Panel investigating fatal overpass collapse in Quebec

| Friday, October 06, 2006

The chairman of a panel conducting a public inquiry into the devastating collapse of a Quebec overpass says he will not be playing the blame game.

The overpass in Laval, north of Montreal, was only about halfway through its projected lifespan of 70 years when a 60-foot chunk fell Saturday and crushed several cars, killing five people and injuring six.

Government officials launched the inquiry Thursday, Oct. 5, to focus on the structure itself and the events leading up to the collapse, rather than the media frenzy and finger pointing.

The main questions the three appointed panelists will try to answer involve the events leading up to the collapse of de la Concorde Boulevard over Autoroute 19 in Laval, including witness reports of smaller chunks falling from the structure prior to the collapse.

Canadian and American media are pressing to find out if other such tragedies could occur elsewhere and what their governments are doing to ensure the integrity of all infrastructure.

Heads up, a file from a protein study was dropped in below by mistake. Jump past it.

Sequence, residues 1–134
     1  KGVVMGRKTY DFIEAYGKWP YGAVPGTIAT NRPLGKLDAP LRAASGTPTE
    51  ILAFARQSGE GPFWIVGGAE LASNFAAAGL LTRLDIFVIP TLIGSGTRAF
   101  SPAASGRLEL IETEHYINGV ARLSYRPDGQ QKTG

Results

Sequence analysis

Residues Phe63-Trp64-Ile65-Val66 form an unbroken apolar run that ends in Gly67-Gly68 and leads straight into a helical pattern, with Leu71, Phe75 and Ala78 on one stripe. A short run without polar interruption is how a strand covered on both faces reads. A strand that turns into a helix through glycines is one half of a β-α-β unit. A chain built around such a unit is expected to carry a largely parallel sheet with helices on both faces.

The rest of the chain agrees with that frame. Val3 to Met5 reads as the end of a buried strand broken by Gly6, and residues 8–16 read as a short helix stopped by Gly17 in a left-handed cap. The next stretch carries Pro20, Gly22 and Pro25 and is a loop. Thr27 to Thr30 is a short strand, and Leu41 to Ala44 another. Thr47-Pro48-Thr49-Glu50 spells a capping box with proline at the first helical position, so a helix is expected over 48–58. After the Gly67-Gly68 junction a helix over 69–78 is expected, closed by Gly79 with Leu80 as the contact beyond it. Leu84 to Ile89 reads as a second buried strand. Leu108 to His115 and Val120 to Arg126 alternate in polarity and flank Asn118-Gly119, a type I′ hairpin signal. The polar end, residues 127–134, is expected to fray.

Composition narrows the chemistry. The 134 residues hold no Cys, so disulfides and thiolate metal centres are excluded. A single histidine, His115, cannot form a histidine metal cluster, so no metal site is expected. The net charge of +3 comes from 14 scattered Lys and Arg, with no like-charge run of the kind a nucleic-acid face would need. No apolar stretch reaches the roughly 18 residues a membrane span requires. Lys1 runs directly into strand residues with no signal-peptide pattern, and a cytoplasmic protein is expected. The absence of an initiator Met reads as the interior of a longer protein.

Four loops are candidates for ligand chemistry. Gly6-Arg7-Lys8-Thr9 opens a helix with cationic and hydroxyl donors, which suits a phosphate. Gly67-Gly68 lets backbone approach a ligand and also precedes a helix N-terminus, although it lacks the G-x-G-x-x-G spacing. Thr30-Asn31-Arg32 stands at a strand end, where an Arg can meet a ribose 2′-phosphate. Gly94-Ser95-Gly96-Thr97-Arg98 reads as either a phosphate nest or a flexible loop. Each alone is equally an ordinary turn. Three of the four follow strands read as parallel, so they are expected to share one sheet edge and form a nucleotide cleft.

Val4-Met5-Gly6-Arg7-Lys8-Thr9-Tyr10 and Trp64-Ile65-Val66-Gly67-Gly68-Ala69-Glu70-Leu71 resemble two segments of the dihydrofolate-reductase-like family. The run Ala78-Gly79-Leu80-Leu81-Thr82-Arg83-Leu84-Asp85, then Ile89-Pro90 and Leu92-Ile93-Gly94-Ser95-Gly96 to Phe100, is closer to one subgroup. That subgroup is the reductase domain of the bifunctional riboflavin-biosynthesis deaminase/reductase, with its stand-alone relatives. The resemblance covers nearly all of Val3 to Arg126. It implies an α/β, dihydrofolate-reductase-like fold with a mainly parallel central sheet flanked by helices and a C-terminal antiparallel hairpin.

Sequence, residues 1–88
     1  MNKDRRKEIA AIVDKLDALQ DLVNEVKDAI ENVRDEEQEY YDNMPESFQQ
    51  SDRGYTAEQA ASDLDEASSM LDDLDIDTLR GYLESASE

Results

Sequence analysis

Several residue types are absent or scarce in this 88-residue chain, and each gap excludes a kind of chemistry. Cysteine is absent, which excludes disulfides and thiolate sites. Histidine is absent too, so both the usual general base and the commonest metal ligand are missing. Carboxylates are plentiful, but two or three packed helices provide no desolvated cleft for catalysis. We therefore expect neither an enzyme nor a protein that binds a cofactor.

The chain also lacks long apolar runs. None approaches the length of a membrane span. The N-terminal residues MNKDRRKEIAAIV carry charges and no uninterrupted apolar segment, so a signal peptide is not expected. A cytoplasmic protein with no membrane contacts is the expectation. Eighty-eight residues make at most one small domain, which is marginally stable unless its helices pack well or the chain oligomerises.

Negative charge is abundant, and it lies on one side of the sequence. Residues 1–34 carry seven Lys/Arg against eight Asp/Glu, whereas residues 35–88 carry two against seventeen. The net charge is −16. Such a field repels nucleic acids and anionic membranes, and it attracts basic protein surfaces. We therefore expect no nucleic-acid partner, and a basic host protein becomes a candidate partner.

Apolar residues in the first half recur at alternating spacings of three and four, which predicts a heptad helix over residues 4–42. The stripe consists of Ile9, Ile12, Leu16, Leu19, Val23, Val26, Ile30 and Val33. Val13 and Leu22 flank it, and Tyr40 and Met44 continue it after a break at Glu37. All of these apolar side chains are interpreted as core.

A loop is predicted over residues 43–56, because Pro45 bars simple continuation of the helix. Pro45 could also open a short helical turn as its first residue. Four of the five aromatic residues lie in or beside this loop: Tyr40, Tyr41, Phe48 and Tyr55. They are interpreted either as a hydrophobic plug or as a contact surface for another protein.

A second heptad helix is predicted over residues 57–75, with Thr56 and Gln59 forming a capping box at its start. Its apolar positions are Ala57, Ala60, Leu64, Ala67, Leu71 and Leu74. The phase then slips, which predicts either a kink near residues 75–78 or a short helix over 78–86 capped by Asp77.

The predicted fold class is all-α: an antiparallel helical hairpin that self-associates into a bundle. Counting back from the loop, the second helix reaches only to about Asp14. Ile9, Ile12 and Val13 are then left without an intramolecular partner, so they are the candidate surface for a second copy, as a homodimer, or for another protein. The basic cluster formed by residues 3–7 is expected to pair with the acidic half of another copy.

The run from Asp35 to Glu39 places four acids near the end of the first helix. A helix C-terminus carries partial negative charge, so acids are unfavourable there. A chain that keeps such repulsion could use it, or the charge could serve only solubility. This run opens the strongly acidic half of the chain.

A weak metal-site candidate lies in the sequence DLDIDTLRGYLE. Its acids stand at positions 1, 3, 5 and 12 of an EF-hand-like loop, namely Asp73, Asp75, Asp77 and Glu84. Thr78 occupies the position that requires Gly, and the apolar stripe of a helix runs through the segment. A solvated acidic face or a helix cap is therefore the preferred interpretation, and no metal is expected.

Panel Chairman Pierre Marc Johnson, and attorney and former leader of the Parti Quebecois political party, told the press Wednesday he’s not interested in a blame game.

“It’s not part of the mandate to pass judgment on the level of resources given in general to transport maintenance in Quebec,” Johnson said during a press conference.

The panelists visited the site Wednesday to begin the arduous task of piecing the event together. The panel will not disclose any working theories until the investigation is complete.

A husband and wife and the husband’s brother, all in their 40s, were killed in one of the crushed cars. A man and woman, both 28, were killed in the other car. Six other people were injured, including one person still in intensive care. All of the families were from Quebec.

Funerals for the victims are scheduled Friday.

Highway 19 in the Laval region remains closed indefinitely, which has disrupted traffic in and around the northern metropolitan Montreal area.

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